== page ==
Fire Station Residency
Samson Kambalu works in a variety of media, including site-specific installation, video, performance and literature. His work is autobiographical and approaches art as an arena for critical thought and sovereign activities. His basic influences are Situationism, the Nyau prestation social structures of his native Malawi and the Protestant tradition of inquiry, criticism and dissent.
Samson's first novel, a portrait of the artist growing up in Africa, The Jive Talker or How to Get A British Passport, published by Jonathan Cape and Simon and Schuster in 2008, was awarded Winner of the National Book Tokens Global Reads Prize in 2010. Recent selected gallery exhibitions include: Postcards from the Last Century, Peer, London, 2020, Nyasaland Analysand, Goodman Gallery, Johannesburg, 2019, Graphomania, The James Gallery, The Graduate Centre, CUNY, New York, 2018, Wounded Negatives, Zietz Mocca, Cape Town, 2017, Ghost Dance, Goodman Gallery, Cape Town, 2017, and Nyau Western: American Psychogeographicals, Art Basel Statements, Switzerland, 2017.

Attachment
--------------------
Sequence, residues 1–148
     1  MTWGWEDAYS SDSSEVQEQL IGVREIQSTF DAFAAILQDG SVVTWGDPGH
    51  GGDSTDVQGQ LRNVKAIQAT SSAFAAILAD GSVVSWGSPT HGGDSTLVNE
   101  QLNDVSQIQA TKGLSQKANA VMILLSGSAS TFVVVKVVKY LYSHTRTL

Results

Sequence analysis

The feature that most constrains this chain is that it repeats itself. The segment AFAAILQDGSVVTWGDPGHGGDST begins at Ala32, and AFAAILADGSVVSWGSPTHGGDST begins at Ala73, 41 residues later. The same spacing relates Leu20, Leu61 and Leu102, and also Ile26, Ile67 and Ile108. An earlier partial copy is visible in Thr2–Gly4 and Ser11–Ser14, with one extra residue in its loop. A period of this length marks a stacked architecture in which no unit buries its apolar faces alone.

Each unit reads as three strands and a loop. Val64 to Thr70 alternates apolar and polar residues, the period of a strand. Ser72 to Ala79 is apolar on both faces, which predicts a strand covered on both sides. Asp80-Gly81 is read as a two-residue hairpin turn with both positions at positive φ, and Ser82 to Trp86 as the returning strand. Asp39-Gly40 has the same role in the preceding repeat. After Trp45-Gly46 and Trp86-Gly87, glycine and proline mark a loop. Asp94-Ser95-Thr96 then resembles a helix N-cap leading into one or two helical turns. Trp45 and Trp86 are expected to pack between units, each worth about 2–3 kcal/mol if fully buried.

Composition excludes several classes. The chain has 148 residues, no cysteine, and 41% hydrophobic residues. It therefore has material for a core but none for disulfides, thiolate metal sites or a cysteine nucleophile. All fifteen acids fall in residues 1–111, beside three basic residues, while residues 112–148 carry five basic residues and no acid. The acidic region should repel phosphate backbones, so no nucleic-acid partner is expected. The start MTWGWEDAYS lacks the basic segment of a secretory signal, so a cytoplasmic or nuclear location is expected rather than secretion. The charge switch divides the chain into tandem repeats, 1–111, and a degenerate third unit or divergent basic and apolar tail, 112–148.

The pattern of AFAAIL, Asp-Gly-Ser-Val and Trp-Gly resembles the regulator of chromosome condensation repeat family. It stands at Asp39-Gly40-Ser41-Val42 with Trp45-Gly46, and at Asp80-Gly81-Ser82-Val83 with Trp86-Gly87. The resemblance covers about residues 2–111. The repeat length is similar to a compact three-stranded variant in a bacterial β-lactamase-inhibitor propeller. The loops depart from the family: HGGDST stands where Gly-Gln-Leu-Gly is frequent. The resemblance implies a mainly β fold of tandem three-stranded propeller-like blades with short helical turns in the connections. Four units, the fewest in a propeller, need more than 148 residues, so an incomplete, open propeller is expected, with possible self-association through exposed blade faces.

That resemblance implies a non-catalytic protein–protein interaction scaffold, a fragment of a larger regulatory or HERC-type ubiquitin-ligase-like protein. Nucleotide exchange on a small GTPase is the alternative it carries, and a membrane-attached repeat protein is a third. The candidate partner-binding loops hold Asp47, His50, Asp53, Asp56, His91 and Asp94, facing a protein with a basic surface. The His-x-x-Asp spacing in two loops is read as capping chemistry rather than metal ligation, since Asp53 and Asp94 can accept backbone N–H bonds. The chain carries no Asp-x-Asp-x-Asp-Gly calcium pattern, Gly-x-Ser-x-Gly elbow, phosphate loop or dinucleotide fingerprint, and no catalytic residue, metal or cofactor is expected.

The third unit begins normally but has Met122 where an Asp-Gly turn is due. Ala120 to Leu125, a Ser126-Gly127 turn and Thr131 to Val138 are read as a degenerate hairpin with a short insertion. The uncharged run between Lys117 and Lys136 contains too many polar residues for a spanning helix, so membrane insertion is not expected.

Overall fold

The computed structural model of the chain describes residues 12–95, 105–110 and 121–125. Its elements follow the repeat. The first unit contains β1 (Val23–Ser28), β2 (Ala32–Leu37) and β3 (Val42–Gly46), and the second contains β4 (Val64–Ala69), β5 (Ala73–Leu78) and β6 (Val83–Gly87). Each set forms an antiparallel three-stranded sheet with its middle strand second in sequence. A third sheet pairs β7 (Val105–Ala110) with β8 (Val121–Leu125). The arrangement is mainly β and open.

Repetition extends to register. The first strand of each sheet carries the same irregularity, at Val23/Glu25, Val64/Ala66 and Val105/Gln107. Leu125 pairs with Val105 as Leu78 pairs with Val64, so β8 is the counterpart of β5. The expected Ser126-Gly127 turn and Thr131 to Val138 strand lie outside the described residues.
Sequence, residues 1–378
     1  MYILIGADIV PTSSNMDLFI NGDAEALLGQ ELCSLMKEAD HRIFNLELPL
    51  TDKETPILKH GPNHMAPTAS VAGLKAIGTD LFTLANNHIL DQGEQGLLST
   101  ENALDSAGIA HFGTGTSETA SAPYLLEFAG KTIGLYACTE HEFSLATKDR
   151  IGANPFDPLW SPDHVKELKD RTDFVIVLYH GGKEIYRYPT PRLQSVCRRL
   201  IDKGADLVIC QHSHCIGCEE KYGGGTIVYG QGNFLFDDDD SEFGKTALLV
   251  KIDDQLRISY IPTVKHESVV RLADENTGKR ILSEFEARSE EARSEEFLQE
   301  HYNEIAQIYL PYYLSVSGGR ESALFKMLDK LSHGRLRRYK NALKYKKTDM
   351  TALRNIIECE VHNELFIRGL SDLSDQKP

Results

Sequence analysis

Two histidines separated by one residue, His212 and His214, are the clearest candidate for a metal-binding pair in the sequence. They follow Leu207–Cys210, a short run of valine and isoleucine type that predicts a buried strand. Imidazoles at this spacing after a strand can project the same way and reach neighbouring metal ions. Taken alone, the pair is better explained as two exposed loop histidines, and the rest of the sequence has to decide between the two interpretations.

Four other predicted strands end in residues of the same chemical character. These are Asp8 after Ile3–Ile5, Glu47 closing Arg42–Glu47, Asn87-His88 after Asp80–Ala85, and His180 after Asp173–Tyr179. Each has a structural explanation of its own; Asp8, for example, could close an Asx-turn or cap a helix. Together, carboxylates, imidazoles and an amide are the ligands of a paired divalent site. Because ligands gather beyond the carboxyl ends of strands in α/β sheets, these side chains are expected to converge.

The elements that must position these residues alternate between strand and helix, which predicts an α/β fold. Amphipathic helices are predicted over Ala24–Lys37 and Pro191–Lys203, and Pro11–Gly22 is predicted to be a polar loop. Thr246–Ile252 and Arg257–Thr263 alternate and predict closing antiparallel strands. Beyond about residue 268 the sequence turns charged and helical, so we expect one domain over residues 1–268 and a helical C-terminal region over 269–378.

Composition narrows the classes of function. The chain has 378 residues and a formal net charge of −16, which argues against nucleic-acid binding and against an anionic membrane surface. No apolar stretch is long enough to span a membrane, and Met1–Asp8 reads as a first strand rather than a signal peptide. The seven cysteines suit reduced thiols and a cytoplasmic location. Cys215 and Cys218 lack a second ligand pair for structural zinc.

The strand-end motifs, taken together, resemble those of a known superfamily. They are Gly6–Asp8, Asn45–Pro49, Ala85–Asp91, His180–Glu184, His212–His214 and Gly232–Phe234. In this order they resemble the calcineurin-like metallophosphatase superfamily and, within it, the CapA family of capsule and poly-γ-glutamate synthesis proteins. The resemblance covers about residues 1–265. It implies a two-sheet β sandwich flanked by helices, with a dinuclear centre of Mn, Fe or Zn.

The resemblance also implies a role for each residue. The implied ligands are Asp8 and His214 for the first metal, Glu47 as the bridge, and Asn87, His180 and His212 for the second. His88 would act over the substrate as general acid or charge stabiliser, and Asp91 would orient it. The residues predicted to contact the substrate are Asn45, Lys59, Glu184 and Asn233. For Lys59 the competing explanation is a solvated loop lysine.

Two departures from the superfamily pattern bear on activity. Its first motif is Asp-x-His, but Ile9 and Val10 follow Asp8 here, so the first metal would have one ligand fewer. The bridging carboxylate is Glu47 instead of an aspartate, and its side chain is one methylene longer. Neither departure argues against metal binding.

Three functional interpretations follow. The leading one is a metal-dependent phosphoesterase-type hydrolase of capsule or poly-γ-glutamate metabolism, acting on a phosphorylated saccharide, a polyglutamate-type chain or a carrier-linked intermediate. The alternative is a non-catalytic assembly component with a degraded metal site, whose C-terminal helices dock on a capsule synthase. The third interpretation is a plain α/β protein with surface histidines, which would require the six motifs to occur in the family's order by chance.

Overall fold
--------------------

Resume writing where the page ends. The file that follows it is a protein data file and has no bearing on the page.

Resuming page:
Fire Station Residency 2005-2010
Acme's residency at the Fire Station is one of the most directly supportive schemes for artists in the United Kingdom, providing combined studio and living space at low rents, as well as a half rent residency for a deaf or disabled artist. This five year fixed-term residency scheme is intended to allow artists more time to concentrate on the development of their work and professional careers, and less time working to survive. 2005-2010 residents were selected by former Acme co-director Jonathan Harvey, arts consultant Tessa Jackson and artists Hayley Newman, Erika Tan and Julie Umerle.